While this author absolutely loaths the brutal way in which the British went about in their civilising mission in its East African colonies, the civic infrastructure they left behind when they finally gave up on their mission is a thing to behold. When they were in charge, and they had successfully managed to isolate the natives in low-end estates in the Eastern parts of the Capital, they managed to create a public emergency response system that had it been maintained, would be the envy of the rest of Africa bar, possibly, South Africa. The fire that engulfed parts of the JKIA complex this Thursday are a sad reminder that the natives in charge of disaster management in Nairobi, both in the national government and Evan's Kidero's county government, are about as capable as three-year olds with AK-47s. In other words, they are most definitely part of the problem.
Since the fatal collapse of the Sunbeam Supermarket building along Tom Mboya street in the 1990s, Nairobi has held its breath every time there has been a high profile disaster. When al Qaeda decided to test its death delivery systems in 1998 in Nairobi and Dar es Salaam, it took the capable assistance of disaster response units from as far afield as Israel to point out the ever mounting short-comings of the Kenya Army, the Nairobi Fire Service, the Kenya Red Cross and the scores of privateers who descended on the scene of the US embassy bombing. Today, Uhuru Kenyatta and Evans Kidero have egg on their faces because their governments failed to appreciate the moribund state of the country's premier entryway. That it took more than thirty minutes for fire crews to arrive on the scene, and then took them a further six hours to put out the flames, is an indictment of their disaster-preparedness strategies and managers.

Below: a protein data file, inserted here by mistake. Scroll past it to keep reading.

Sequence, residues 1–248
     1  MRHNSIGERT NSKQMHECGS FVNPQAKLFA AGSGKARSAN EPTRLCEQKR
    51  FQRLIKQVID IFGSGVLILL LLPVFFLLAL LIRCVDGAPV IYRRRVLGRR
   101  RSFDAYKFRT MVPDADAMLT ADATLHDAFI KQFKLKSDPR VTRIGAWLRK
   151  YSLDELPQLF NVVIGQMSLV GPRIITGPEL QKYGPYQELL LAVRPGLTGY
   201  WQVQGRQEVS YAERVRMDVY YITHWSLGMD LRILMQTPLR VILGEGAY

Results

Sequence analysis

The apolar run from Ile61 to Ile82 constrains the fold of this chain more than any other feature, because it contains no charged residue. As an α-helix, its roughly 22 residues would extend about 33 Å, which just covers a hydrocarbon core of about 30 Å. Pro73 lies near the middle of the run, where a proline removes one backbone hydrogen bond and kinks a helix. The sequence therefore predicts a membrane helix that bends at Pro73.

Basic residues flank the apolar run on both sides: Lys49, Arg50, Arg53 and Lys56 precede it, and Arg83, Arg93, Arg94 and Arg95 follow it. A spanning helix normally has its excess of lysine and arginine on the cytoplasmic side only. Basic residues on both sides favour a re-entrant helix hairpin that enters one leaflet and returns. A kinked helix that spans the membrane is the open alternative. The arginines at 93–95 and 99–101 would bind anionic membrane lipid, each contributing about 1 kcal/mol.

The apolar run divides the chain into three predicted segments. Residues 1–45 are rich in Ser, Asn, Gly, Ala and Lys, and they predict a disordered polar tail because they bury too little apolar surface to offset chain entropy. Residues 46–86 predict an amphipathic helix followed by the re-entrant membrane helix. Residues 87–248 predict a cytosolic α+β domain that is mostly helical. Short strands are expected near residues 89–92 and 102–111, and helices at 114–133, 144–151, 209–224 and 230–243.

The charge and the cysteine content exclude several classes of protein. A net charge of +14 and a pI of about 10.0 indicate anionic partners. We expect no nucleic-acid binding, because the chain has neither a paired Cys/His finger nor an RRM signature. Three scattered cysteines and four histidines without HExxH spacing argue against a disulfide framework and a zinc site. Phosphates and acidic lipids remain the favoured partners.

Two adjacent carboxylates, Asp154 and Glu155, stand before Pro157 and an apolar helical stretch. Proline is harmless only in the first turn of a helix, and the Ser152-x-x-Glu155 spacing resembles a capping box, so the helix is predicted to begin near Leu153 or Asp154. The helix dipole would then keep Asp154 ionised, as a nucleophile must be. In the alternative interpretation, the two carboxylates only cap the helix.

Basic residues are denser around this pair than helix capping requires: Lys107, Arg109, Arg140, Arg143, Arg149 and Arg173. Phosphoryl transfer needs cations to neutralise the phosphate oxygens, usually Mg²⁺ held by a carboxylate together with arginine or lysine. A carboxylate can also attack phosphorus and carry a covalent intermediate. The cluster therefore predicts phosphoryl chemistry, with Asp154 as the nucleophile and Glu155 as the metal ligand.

Mr Kidero is on the record that the response units for the airport are under the jurisdiction of the Kenya Airports Authority and the Kenya Civil Aviation Authority, two parastatals that have their fair share of shady goings-on in their boardrooms. But he cannot escape blame: some of the fire trucks despatched to JKIA belonged to his fire service. That it took them thirty minutes to fight through Nairobi traffic is evidence enough, if more is required, that he has completely let the ball on the traffic management of the Capital, fall from his hands. Again. Instead, just like the remaining hyenas in the counties, he is more interested in his chase cars and their sirens while he rushes to this meeting or the other, tweeting about it all the way.
Uhuru Kenyatta has a more fundamental decision to make. The Boards of both the KAA and KCAA are renown for their boardroom clashes when it comes to the question of public procurement. The CEOs of these key agencies are always chosen based on how well they are capable of "managing" the multi-billion shillings contracts that come around every few years. It is whispered in the corridors of power that the right man in the job is worth a few billion shillings in kick-backs. Obviously, while these CEOs have their eyes firmly fixed on their interests and those of the shadowy unknown, their management of the disaster-preparedness of Kenya's airports receives scant attention. Events like the JKIA fire, and the frequent black-outs at Mombasa's Moi International Airport, as well as the frequent near-disasters at Eldoret Airport are multiplying frighteningly while these men twiddle their thumbs. Mr Kenyatta has the power to send the Boards of these parastatals packing. That he is yet to do so leaves us with one conclusion: he doesn't really know what to do.
Three days after the fire, Kenya is looking to foreign powers to assist in determining who was responsible for the mistakes that led to the disaster. We all know who are responsible. The President knows it; the Governor knows it; the Cabinet Secretaries of Internal Affairs and Transport know it. All that remains is for the President to fire those that need to be fired and start with a clean slate. Kenyans will not mourn the removal of these criminally negligent gentlemen. We do not need the FBI or Scotland Yard to point out that our airport managers have been asleep on the job for dog's years. Fire them all.